There appears to be some confusion by User:GeorgeLouis. The lede did not state that Marcantonio was a communist, it said that many believed him to be a communist. That is undoubtedly true. I don't understand what the problem is with that, as it is crucial to understanding the "commie by association" argument tried whenever any of the candidates compared another with Marcantonio.--Wehwalt (talk) 11:49, 7 September 2010 (UTC)

The fact is that he was accused of being a Communist. Nobody can tell for certain that his accusers actually believed in what they were saying. If you want to say "accused," I think that might be OK because that was certainly the case. Sincerely, GeorgeLouis (talk) 11:58, 7 September 2010 (UTC)
I can live with that. I'll make that change. Thank you.--Wehwalt (talk) 12:04, 7 September 2010 (UTC)

Improving the article[edit]

I removed "widely." POV. Sincerely, your friend, GeorgeLouis (talk) 21:19, 14 September 2010 (UTC)

I don't have a problem with that. Hope you will support at TFA/R when I nom it for the main page in about a month, after all, you may be the only Wikipedian who voted in that election! What do you think of the images?--Wehwalt (talk) 00:25, 15 September 2010 (UTC)

Unusual, to say the least. (Mostly the campaign envelope.) I think the Eleanor Roosevelt pic is reaching for it. But, really, the whole package of pix is OK by me. I don't know what others might say. Otherwise: I am afraid the leed is too long, and there is a passel of editing and tightening-up that can be done. I am actually a professional editor (newspapers) but not necessarily a word-butcher. I will copy the article to one of my sandboxes and have a go at it. You can comment on the draft over there. I will let you know when. I'm sure you want this piece to be a winner. Sincerely, GeorgeLouis (talk) 03:21, 15 September 2010 (UTC)

Well, it is what I could find that was not within copyright. i have almost no news photographs of the campaign, as they are almost all copyrighted. The Douglas one in the infobox is fair use. I can't crop the campaign flyers to yield pictures of people because the pictures are copyrighted, but the brochures are not. Most of the items are in the Nixon Library, the thimble and Senate pass are mine. Feel free, and I'll look at the sandbox and we'll talk. As you can imagine, as a writer, I wince when I hear the word "editor".--Wehwalt (talk) 03:33, 15 September 2010 (UTC)

I copied the article to my sandbox, and I ordered all the source books through the local library here, so I will be able to check the references along with everything else. GeorgeLouis (talk) 22:42, 15 September 2010 (UTC)

Feel free. Note that almost all of the source books contain some howling errors (especially Mitchell's book and the recent The Pink Lady). I also tried not to rely on either Nixon's or Douglas's memoirs for anything substantive, as they spin considerably. It's one of those situation where a writer treads carefully.--Wehwalt (talk) 23:21, 15 September 2010 (UTC)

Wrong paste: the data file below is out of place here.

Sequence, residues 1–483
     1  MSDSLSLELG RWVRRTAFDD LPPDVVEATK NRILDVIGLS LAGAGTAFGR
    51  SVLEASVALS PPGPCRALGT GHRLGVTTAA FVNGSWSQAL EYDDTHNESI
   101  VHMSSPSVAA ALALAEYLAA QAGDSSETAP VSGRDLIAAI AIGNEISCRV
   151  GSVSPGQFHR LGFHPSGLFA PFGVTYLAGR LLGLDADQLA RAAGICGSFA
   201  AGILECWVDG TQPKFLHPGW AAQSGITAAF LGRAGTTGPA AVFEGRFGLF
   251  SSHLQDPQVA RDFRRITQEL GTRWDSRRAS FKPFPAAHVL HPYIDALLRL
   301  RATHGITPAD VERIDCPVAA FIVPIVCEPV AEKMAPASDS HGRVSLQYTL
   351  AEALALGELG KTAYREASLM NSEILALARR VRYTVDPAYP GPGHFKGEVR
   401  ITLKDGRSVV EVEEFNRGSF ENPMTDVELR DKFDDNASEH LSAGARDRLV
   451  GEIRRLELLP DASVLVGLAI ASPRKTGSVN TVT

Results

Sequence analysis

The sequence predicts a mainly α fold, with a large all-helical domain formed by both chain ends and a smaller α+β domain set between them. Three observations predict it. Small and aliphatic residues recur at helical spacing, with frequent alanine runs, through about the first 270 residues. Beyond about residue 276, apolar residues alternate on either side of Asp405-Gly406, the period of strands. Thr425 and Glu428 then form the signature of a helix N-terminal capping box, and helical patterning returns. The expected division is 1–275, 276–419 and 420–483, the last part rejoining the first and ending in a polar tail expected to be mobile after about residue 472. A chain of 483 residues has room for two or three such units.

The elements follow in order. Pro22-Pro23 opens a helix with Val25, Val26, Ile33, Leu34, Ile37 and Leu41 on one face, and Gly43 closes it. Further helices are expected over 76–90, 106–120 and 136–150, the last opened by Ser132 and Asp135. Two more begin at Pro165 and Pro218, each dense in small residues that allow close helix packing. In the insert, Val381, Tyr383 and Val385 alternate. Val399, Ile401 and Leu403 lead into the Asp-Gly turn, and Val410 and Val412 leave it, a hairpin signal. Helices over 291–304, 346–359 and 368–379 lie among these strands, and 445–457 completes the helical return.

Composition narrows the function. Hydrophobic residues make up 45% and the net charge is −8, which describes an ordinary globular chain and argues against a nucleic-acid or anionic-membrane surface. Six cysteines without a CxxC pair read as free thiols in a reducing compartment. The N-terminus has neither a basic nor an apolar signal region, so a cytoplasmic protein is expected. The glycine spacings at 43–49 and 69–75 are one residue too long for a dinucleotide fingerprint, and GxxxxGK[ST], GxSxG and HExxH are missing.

Also, research continues. I will be looking at Douglas's papers for two days in early October. I will be back at the Nixon Library for a week at the end of October, and I also need to find a library (perhaps L.A. central) which has a newsmagazine called Fortnight, the issues I've seen of it give excellent coverage of the 1950 Senate race. Looking forward to your comments, you might want to hit me with it a bit at a time, rather than all at once.--Wehwalt (talk) 14:26, 16 September 2010 (UTC)

I remember Fortnight. I once tried to sell an article there. Very liberal magazine (be forewarned). The LAPL has copies: PERIODICAL LIBRARY HAS: 3-4,14:7-20:7 (1947:07-1948:06 1953:04-1957:08/09) 1955-1956 are incomplete. Do you have a LAPL library card? If so, you can access the L.A. Times on line, too, although I really think we have enough facts in the article already. I will get at it soon, without waiting for the library books (which I will use mostly to see that the references in the article match up with the sources). Oh, yes, for a Douglas photo, try http://www.socallib.org/ Yours, GeorgeLouis (talk) 02:13, 17 September 2010 (UTC) Also see http://www.oac.cdlib.org/search?style=oac4&ff=0&institution=Southern+California+Library+for+Social+Studies+and+Research&query=helen+gahagan+douglas&x=12&y=9. GeorgeLouis (talk) 02:17, 17 September 2010 (UTC)

Still, the two issues I have seen were very helpful. I do not live in California, btw, but I have friends out there so I am visiting fairly frequently right now. Yes, I am not trying to expand the article anymore, just to refine it. Images of Douglas that are in the public domain are hard to find. Many thanks for your help and I look forward with interest to see what you come up with.--Wehwalt (talk) 02:31, 17 September 2010 (UTC)

I am working on the article in a sandbox and will be able to post a link for everybody to look at before not too long. GeorgeLouis (talk) 01:24, 18 September 2010 (UTC)

Format of this article — who has decided?[edit]

It seems that somebody, somewhere, sometime decided that this and similar articles would be set up as they are. Where was the decision made? Is there a group of editors somewhere to whom we can turn for consensus-building? Two examples: (1) The infobox is just too wide; can't it be narrowed? (2) The charts giving the results take up a lot of space; can't they be put on a separate page and referenced from the article? Hoping for some comment on this, I am your friend, GeorgeLouis (talk) 01:20, 18 September 2010 (UTC)

I don't know. As you no doubt can tell from the article history, I originated this article, and copied the infobox from one of the more recent California Senate race article. I had the map made showing the counties won using an existing map template (there are a couple of minor differences in county boundaries which have happened since 1950, but you'd have to be really informed and REALLY picky to pick up on that). It was queried at FAC, I basically said what I told you. I have moved the elections navbar to the foot of the article, if it is any help. At this point, my friend, the article has had all the organized scrutiny it is going to get, excepting some cursory looks in the runup to November 7, and of course the world staring at it on that day. If you want to change it, I'm open to it and I think very few people will care.--Wehwalt (talk) 01:43, 18 September 2010 (UTC)